The Curiosity of a Child
by Rev. Justin Hancock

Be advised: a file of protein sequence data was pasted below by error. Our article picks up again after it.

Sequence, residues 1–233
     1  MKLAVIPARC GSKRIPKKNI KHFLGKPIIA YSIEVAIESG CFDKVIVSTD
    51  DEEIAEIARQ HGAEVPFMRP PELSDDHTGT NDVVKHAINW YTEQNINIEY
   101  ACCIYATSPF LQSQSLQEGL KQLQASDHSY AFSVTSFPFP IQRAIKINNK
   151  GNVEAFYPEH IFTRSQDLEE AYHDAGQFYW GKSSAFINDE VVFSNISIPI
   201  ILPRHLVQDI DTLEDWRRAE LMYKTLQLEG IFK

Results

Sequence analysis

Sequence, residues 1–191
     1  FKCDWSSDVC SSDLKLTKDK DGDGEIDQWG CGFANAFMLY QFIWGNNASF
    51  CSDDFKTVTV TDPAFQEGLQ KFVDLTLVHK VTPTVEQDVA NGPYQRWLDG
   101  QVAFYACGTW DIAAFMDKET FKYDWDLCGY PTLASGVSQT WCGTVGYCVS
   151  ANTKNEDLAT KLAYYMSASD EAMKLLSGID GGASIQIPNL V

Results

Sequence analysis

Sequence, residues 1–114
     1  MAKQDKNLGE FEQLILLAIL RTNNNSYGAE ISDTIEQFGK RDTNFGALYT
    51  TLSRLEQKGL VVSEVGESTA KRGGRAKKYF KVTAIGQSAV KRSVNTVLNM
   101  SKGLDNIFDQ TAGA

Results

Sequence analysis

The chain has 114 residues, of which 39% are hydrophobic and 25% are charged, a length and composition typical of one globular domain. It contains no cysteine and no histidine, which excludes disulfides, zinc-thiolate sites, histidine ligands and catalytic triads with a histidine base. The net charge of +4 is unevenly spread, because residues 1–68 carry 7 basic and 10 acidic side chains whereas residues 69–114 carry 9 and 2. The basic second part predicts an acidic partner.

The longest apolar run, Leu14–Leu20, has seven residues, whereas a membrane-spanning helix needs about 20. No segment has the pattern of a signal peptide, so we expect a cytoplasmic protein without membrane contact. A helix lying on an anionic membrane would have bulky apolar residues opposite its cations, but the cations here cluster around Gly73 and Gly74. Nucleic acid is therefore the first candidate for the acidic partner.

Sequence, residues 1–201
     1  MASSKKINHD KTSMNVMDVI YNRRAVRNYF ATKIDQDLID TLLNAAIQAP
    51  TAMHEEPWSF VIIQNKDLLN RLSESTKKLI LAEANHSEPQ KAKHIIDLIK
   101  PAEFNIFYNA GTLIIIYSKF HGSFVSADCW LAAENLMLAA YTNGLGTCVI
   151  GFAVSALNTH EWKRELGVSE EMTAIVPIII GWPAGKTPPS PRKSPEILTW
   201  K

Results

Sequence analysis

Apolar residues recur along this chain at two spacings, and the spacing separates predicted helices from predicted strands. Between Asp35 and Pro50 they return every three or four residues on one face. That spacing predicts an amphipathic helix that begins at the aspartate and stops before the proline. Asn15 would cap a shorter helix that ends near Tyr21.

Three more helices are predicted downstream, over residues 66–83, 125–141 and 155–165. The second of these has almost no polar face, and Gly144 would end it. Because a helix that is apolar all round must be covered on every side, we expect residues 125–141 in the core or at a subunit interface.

Over the last several months I have had the great pleasure of doing the children’s sermon every Sunday at Oaklawn UMC in Dallas.  Having the opportunity to interact on a weekly basis with kids has put me in mind once again of something that I have long considered.  To put it succinctly, I think the conversation around disability in the United States would be much further along if we allowed ourselves to approach disabilities the way that children do.  What I mean is this:  throughout my life and most especially since I have become an ordained clergy person, the most frank and honest discussions around disability that I ever had the privilege to engage in most often start with a child saying something like “Why do you sit in that chair?” or “What happened to your legs?”.  Usually after a question like this is phrased the mortified parents apologize to me or tell their child that questions like that are impolite.  I, however, love questions like this especially when they are offered in church because most kids know that I am a pastor and when they come with questions like “Are your legs broken?” that allows me the opportunity to answer with “No, God made me this way on purpose because the Lord likes all sorts of difference.”  Usually the initial question is not the end of the discussion and often finds I move from a conversation about my legs to talking why I don’t sound exactly like Mom and Dad when I talk.  I realize that for some persons with disabilities, acknowledgement of their physical difference and/or perceived hardship can bring up a great deal of pain and woundedness.  Therefore as an advocate and champion for those with disabilities I would never ask someone to go beyond their own comfort level in order to create an environment for conversation.  What I will say to the church at large, however, is that it is OK to create an environment where curiosity about disability is encouraged and oftentimes when I see a child staring I will engage them in conversation.  If the average person in the pew can help create an environment where questions and even, yes, some curious looks are encouraged, this can only help to go a long way in creating a church that both looks and feels a lot more like the kingdom of God and that can only be a good thing.

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